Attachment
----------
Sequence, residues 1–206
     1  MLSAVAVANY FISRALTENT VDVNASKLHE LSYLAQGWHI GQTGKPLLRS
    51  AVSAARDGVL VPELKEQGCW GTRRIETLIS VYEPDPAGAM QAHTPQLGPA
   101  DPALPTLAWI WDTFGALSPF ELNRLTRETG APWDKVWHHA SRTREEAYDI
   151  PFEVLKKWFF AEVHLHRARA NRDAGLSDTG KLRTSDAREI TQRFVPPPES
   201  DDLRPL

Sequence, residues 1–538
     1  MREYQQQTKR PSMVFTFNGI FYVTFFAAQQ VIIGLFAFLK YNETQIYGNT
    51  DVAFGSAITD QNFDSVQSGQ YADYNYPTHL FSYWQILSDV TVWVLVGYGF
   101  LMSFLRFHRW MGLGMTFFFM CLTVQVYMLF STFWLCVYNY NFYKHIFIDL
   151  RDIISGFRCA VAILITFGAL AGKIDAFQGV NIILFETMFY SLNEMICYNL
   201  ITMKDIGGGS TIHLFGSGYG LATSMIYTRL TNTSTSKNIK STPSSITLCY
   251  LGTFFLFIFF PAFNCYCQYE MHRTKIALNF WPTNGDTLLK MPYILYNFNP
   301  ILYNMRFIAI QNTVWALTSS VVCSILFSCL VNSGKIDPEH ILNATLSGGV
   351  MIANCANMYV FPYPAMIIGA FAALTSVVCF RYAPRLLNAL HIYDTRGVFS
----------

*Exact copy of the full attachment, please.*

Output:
Sequence, residues 1–206
     1  MLSAVAVANY FISRALTENT VDVNASKLHE LSYLAQGWHI GQTGKPLLRS
    51  AVSAARDGVL VPELKEQGCW GTRRIETLIS VYEPDPAGAM QAHTPQLGPA
   101  DPALPTLAWI WDTFGALSPF ELNRLTRETG APWDKVWHHA SRTREEAYDI
   151  PFEVLKKWFF AEVHLHRARA NRDAGLSDTG KLRTSDAREI TQRFVPPPES
   201  DDLRPL

Sequence, residues 1–538
     1  MREYQQQTKR PSMVFTFNGI FYVTFFAAQQ VIIGLFAFLK YNETQIYGNT
    51  DVAFGSAITD QNFDSVQSGQ YADYNYPTHL FSYWQILSDV TVWVLVGYGF
   101  LMSFLRFHRW MGLGMTFFFM CLTVQVYMLF STFWLCVYNY NFYKHIFIDL
   151  RDIISGFRCA VAILITFGAL AGKIDAFQGV NIILFETMFY SLNEMICYNL
   201  ITMKDIGGGS TIHLFGSGYG LATSMIYTRL TNTSTSKNIK STPSSITLCY
   251  LGTFFLFIFF PAFNCYCQYE MHRTKIALNF WPTNGDTLLK MPYILYNFNP
   301  ILYNMRFIAI QNTVWALTSS VVCSILFSCL VNSGKIDPEH ILNATLSGGV
   351  MIANCANMYV FPYPAMIIGA FAALTSVVCF RYAPRLLNAL HIYDTRGVFS